Metro-East News

Mortgage consultant preaches patience in today’s market

Greg Bridgman says the mortgage lending industry has become so fraught with restrictions that he also advises his clients to have plenty of patience. The part-time preacher who has been earning a living as mortgage consultant tries to lighten the mood by telling his clients “we’re going to do everything but draw blood. But when we’re finished, you’ll feel like we drew it all.”

He recently invited business writer Will Buss to his office to talk about his experience in the home loan industry:

How long have you been working in mortgage lending and consulting?

“I’ve been in home loans since July 13, 1992. There has been a vast change in this business from hand writing a loan application, handing it to a processor and then just going to closing. It was very simple and easy process many years ago. The world has radically changed since about 2007 and now we live in a post-foreclosure world, which means due to Fannie Mae being so lenient in the early 2000s doing home loans, they went through so many foreclosures that now they are overly protective. So the pendulum has swung the opposite direction.”

How has the business changed?

“As a result of that, most customers are shocked at the amount of documentation that has to take place. So whereas my world used to be take a loan application, order an appraisal and get their title commitment ordered, if it’s a refinance, and then prepare them for closing. Now, I can’t even talk to the appraiser for fear of it being some fraudulent activity and I’m not allowed to know who the appraiser is until the appraisal is returned back to my processor. So I am very much left out of the process. My job now is more as a consultant to analyze each individual situation and find out what their job situation is because we’ve had a lot of job instability. I try to pinpoint a work history, sold income, make sure they have sufficient assets for a loan closing and then try to explain to them please do not buy anything, do not move your money around, do not change jobs during this process. People don’t realize that even when they make a small deposit into the bank, we have to document where that came from. So people are shocked that I am asking so many questions and that I’m asking for so much documentation.”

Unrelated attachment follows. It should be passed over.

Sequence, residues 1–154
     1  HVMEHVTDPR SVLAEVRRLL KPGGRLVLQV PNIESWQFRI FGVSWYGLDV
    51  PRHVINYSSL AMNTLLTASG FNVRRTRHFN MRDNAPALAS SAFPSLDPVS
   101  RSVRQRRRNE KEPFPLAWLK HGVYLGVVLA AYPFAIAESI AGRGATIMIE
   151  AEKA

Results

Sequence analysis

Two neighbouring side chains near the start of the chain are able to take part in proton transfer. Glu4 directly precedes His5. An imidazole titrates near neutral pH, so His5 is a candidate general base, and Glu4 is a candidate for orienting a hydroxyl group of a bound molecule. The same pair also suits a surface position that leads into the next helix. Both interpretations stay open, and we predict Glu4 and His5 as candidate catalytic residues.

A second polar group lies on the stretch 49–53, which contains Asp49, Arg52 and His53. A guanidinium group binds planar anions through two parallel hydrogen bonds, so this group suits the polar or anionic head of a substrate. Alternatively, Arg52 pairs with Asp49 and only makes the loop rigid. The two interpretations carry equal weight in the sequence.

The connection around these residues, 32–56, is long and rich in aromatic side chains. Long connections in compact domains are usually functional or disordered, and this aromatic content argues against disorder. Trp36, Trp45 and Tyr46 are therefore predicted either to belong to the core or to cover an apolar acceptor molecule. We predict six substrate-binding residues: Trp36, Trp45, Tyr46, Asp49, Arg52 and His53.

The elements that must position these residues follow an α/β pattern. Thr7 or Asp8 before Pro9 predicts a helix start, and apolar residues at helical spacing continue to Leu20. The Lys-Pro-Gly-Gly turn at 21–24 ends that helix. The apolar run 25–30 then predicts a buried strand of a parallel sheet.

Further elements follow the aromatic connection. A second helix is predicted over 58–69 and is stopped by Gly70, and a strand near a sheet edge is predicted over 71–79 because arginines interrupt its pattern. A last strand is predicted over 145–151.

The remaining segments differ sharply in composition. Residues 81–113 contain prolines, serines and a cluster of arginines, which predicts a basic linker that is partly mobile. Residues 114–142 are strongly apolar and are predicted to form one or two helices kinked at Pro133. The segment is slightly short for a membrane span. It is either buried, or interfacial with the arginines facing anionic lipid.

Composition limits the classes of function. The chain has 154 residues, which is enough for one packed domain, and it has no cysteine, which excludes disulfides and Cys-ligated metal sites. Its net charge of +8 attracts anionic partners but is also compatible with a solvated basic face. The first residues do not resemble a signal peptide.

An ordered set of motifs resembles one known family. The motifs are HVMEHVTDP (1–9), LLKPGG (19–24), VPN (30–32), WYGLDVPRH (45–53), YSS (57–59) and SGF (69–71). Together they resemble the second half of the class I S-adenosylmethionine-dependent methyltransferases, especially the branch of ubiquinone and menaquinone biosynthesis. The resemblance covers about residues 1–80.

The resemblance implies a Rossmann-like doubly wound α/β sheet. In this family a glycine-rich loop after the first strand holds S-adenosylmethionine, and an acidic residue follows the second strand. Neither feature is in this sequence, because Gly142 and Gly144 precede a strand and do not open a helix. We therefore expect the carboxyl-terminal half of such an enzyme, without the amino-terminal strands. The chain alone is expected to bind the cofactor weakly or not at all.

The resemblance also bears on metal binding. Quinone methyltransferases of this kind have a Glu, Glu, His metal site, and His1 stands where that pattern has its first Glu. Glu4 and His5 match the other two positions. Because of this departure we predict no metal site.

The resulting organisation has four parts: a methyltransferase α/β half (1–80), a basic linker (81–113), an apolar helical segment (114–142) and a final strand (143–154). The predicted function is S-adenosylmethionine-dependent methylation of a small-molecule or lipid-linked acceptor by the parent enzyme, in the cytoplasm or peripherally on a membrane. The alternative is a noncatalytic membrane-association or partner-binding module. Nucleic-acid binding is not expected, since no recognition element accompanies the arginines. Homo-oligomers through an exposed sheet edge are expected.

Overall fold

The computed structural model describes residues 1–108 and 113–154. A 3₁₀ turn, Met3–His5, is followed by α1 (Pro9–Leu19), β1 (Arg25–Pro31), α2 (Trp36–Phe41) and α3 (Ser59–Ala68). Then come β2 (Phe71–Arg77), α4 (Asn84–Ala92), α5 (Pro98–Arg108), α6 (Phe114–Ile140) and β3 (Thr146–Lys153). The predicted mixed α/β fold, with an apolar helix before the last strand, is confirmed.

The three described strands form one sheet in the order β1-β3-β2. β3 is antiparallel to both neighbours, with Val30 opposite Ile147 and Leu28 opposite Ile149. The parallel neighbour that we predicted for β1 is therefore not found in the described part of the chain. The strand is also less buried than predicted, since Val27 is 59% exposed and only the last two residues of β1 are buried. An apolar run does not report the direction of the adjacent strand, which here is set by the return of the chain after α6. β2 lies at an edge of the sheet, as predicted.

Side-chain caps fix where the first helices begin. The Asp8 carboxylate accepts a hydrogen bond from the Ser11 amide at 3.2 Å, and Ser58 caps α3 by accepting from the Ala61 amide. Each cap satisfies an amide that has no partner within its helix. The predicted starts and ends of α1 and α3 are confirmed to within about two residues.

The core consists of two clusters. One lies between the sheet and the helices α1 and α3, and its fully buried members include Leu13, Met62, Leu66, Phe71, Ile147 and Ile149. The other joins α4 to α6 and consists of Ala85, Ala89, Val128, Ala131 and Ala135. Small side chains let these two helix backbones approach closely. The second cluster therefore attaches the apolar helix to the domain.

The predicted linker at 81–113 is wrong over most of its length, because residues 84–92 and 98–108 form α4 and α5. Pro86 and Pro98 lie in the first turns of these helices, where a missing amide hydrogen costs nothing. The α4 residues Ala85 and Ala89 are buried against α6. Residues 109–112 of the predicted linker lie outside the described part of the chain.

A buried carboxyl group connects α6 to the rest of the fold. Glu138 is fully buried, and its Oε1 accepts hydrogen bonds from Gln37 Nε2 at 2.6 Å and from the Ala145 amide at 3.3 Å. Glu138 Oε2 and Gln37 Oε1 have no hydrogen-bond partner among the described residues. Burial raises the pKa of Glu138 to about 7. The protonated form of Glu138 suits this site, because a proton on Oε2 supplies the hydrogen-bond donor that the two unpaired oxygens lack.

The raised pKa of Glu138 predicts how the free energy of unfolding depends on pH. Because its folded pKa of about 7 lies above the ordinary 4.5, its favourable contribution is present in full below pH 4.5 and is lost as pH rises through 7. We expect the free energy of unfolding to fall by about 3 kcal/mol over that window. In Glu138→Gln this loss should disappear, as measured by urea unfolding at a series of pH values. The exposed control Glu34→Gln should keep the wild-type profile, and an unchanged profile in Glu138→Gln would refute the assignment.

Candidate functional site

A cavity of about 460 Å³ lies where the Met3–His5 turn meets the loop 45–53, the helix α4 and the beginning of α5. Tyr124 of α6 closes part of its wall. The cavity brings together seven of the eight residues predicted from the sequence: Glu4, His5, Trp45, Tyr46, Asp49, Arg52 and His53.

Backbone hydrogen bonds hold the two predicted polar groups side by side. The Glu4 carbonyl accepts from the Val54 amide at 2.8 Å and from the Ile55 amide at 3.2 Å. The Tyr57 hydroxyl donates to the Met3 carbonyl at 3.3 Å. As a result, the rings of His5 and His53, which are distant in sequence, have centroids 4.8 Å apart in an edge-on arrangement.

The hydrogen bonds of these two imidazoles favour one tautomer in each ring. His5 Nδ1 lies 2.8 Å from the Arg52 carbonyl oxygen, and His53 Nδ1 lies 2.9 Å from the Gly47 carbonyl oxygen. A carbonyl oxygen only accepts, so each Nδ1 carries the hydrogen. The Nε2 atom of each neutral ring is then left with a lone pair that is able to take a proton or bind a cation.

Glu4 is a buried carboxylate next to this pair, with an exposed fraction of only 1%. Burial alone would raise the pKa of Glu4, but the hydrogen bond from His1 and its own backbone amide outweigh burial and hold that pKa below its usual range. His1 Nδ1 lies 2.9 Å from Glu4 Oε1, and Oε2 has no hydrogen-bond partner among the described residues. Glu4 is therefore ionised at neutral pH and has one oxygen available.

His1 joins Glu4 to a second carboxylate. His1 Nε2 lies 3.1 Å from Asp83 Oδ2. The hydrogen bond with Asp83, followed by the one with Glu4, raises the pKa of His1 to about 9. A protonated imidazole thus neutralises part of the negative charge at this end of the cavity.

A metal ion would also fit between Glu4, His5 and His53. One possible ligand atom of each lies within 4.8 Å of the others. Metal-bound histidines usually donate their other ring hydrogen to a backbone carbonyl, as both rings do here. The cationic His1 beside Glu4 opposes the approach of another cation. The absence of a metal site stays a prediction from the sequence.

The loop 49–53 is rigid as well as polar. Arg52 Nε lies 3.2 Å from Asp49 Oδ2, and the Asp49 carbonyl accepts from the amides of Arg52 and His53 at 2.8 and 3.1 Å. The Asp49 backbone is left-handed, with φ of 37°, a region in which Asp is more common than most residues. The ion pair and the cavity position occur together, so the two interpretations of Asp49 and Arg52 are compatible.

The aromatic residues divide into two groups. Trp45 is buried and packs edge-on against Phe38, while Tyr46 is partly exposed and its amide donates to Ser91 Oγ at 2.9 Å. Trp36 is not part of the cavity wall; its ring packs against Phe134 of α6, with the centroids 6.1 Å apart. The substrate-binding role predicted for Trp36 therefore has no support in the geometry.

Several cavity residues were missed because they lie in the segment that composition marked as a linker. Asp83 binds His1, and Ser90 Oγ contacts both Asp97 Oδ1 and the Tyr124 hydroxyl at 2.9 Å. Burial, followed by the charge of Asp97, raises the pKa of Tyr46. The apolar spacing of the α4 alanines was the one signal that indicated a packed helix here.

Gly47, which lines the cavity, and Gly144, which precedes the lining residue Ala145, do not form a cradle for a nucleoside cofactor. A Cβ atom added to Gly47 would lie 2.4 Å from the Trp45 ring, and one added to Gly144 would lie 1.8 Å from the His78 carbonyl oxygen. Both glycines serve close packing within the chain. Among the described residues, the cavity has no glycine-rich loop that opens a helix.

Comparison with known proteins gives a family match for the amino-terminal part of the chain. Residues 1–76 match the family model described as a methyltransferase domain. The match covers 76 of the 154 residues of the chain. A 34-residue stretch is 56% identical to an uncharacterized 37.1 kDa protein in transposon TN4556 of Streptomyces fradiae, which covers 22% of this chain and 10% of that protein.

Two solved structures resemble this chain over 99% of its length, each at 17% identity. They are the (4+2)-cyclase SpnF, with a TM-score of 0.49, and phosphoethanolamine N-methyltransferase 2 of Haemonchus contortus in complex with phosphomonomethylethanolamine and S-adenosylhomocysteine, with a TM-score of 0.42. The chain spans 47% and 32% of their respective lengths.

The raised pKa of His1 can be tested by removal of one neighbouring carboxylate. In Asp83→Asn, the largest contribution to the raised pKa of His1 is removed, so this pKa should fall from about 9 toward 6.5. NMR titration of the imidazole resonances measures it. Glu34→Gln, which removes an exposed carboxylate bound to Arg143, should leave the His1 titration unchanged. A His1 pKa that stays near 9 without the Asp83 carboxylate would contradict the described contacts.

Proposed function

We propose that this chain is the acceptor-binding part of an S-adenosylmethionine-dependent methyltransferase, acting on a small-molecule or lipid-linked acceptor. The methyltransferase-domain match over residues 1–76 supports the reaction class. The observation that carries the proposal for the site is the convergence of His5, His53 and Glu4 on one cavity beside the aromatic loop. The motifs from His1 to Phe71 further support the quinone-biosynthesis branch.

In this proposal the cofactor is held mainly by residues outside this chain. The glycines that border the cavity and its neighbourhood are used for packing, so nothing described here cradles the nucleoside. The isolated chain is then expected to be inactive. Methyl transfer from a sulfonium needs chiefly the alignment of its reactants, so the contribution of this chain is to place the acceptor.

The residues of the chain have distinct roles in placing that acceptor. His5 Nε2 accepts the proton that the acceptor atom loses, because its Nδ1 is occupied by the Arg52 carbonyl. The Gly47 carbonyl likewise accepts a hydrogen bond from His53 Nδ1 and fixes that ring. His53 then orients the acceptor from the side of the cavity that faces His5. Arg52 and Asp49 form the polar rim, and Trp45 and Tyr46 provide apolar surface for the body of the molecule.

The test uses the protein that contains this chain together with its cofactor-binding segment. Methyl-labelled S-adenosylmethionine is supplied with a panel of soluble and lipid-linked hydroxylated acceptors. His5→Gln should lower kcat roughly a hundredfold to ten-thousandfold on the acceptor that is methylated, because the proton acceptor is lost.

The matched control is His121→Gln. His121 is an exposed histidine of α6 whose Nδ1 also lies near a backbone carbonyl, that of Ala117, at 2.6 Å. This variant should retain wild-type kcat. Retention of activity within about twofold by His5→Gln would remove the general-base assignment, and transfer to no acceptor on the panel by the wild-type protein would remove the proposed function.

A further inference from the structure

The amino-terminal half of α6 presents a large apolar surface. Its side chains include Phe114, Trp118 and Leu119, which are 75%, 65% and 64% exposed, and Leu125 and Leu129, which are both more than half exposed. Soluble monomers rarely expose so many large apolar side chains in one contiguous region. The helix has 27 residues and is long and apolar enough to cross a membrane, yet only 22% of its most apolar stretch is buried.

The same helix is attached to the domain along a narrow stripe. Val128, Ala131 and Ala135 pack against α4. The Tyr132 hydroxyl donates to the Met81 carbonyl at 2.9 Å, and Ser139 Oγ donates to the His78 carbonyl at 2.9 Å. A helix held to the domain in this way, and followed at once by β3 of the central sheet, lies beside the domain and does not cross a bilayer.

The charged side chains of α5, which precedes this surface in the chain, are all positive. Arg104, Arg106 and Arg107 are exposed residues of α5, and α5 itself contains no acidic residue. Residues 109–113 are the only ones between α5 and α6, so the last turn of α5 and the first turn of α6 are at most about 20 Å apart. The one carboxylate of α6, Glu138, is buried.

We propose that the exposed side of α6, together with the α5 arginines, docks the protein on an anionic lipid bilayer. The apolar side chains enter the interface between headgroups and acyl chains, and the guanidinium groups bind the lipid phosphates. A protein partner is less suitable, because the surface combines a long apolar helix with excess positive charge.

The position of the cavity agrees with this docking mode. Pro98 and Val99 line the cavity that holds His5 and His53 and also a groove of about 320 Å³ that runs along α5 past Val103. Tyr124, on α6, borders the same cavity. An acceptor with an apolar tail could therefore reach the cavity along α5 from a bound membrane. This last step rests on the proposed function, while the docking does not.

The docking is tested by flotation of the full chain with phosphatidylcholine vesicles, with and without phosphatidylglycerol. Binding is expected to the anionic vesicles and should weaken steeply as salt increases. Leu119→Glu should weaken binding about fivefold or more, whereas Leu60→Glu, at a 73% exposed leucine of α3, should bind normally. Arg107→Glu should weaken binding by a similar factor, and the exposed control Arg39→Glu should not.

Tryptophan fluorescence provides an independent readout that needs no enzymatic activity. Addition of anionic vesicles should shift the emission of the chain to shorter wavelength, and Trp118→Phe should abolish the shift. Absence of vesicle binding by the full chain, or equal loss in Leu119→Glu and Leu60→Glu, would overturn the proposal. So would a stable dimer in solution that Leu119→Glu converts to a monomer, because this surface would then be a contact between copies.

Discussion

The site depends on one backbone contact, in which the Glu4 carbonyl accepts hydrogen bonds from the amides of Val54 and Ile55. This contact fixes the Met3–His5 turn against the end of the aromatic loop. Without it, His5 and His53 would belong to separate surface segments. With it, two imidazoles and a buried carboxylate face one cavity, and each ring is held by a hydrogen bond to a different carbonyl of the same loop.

What is your background?

“I was actually a pastor in Fairview Heights for several years. I came there as a pastor and when I stepped down from that, I didn’t want to leave the area. I had a neighbor who was the manager of Northwest Mortgage in Swansea and I went to work for him. It’s now Wells Fargo. That’s where I started my career.”

Why did you make that career move?

“I was a preaching pastor of larger churches. I am from the St. Louis area and had my father who passed away suddenly of a heart attack at 52 years of age and a widowed mother who was poor, and I needed a job that paid better. I needed to support two families. My neighbor said, ‘I have a job for you’ and without any educational background, God just blessed me and I learned the career field out of necessity. I still preach at churches on weekends. Right now, I preach at a church in Festus, Mo. on Sundays on top of doing this. I love being on call seven days a week at two different jobs.”

How has your background as a pastor influenced you as mortgage consultant?

“Part of it is transferable skills. Part of it is if people really money and use people or whether you love people and use money and have a passion to care about people. I always needed to care about people and help people. When people are looking for a home loan, it’s not like going to the grocery store and squeezing the bread and checking the date on the milk. They don’t do this every week. Since this post-foreclosure world, it is so much more daunting. Even my repeat customers say you didn’t use to ask for this much documentation. So part of my skills are trying educate so people who go through this process without feeling like they’ve been to the Twilight Zone. So those are transferable skills, communication, telling the truth and helping them walk through this process without being overly fearful. There is usually a 20- to 30-day process for most customers to do a home loan. Sometimes there are grant programs that can take up to 45 days. This can be a very long period of their life that can seem like it’s forever. So the key is communicating verbally and through emails on regular basis to tell them this is where your loan is so you don’t have to worry.”